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Welcome to The Accidental Fundraiser

It was a beautiful day in Pittsburgh, and I was happy in my role as Research Coordinator for Children’s Hospital of Pittsburgh. Then a phone call from the CEO of the hospital came in, asking me to meet him in his office in 15 minutes. He had two people who wanted to see me.

Little did I know that this call would change my life in so many ways.

The meeting was with two prominent hospital board members, Benjamin R. Fisher and Henry L. Hillman. My stress levels were so high that I couldn’t hear everything that they were saying, but I did understand that they wanted me to work with them on a fundraising campaign for a new patient bed tower for Children’s. Fundraising? I had never considered it. Especially for a building. But I knew that I wanted to secure funding for research, and I told them so.

Benjamin R. Fisher
Benjamin R. Fisher

When Mr. Hillman heard that he drew back in his chair, laughing, and declared: ‘Ms. Tissue, if you come with us on this project, we’ll teach you everything you ever wanted to know about fundraising and, when you are ready, we will support all of the hospital’s research initiatives.’ How could anyone resist that?

Mr. and Mrs. Henry L. Hillman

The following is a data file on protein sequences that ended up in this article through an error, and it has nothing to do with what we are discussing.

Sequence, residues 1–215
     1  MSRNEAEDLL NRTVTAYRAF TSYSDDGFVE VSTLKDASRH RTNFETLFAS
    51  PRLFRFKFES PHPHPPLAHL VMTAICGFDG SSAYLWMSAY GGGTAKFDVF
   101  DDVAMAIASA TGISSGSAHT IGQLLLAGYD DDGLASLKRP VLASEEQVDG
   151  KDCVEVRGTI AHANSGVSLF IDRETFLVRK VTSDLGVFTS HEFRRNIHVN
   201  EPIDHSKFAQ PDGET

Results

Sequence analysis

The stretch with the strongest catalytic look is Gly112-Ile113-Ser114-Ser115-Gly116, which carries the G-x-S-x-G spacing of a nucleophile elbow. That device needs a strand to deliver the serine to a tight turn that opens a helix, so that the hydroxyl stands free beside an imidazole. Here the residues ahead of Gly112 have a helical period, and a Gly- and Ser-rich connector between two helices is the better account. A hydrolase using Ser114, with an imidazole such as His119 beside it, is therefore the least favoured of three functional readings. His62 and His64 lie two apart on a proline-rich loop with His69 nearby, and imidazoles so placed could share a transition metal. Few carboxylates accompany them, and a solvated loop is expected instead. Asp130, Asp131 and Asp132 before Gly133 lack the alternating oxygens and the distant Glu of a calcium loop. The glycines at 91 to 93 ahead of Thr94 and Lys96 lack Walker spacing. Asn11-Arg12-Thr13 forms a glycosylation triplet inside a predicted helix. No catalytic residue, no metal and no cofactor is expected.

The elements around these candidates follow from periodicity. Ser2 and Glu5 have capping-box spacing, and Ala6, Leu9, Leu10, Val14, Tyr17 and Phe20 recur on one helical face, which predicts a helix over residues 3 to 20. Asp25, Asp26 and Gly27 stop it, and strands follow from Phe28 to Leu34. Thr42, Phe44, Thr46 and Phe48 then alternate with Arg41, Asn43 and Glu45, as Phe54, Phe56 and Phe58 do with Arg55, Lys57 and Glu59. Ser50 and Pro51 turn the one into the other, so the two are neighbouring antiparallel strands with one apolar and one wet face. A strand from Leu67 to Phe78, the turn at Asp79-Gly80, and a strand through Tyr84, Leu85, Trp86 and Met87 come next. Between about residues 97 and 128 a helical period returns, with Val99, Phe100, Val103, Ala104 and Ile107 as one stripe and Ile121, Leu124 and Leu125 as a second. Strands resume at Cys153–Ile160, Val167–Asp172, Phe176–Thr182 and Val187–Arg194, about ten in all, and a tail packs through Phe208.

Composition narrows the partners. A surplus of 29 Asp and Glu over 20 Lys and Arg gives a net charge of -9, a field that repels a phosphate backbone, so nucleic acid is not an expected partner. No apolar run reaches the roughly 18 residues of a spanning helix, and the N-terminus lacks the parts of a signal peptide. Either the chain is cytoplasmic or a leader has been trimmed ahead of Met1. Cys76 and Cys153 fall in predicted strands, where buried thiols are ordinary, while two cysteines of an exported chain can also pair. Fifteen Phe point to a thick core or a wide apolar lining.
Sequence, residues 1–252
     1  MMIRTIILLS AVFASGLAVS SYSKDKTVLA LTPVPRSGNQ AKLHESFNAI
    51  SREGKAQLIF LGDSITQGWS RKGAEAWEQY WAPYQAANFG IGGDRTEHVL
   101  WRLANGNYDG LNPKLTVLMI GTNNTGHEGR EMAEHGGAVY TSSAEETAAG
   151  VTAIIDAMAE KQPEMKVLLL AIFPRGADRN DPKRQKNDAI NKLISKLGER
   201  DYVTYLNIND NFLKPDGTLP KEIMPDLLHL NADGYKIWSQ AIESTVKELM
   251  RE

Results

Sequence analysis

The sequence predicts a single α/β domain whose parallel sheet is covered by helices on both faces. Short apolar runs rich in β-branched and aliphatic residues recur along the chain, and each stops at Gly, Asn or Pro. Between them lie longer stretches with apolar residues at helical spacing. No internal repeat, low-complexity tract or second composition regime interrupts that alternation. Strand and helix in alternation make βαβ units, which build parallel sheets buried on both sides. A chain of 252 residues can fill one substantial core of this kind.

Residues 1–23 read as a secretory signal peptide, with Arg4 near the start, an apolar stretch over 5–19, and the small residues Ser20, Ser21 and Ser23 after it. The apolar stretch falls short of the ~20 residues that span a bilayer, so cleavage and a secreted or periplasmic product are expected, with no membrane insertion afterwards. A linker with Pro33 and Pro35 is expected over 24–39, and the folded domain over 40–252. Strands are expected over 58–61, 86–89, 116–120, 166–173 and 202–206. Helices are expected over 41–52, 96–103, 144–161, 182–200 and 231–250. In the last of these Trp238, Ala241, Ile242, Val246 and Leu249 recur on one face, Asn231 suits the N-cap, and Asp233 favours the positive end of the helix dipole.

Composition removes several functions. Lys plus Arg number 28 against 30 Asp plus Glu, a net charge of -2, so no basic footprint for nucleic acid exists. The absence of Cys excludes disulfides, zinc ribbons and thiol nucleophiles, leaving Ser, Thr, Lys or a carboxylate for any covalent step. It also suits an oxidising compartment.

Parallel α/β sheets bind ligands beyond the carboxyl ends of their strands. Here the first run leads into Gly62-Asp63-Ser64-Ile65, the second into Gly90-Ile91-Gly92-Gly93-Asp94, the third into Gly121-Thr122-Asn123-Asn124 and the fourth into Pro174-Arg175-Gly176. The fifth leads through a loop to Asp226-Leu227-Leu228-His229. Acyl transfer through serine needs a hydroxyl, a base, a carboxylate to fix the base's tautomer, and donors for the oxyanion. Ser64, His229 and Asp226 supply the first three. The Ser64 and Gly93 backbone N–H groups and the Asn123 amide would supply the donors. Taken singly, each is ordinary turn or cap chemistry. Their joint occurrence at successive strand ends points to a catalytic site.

Mr. and Mrs. Henry L. Hillman

I was the accidental fundraiser that year in 1979, but now, 40 years later, I am a passionate, motivated, fundraising professional who relishes what I get to do every day.

With wonderful staff and volunteers, I created special events with people like Jamie Lee Curtis (was that fun!) and with groups like the Pittsburgh Wine Festival team. With board members, I organized multiple capital campaigns to generate funds for research and clinical care.

With great physician partners, my staff and I secured almost 40 endowed chairs and innumerable endowed funds while happily working with individuals and foundations in the Pittsburgh community and beyond. Principal gifts came from many sources for impactful projects like the Louis J. Fox Center for Vision Restoration and the Live Like Lou Center for ALS Research. And I have volunteered with many organizations, provided formal and informal advice to employees and organizational leaders—whatever was asked of me, I have been willing to do.

Have I made mistakes? Yes, plenty of them! Have I had successes? Fortunately, yes, I remain very proud of the impact that my efforts have made on our community. And the successes were not always achieved using standard rules of fundraising. And that’s the basis for this blog.

How can I help your organization reach higher in a smarter way? How can I help development officers become stars in their fields? How can organizations work more effectively to harness the energy and talent they have available?

In the upcoming posts I will focus on many topics that are key to development: I want to ensure that readers are able to take something out of my experience and make their work more effective…to get some smart tips on how to move forward with vigor and courage (and significant fundraising takes a great deal of courage)…and to decipher the art and science of fundraising.

I hope to see you back on this blog and hear from you as well—I plan to post weekly. Have a wonderfully productive day!

1 Comment

James Olsen
James Olsen
Mar 06, 2019

Dear Gayle,

Your consulting website is beautiful and inspiring and most importantly it feels 100% authentic. I wish you all the best as you embark on this new phase of your remarkable career.



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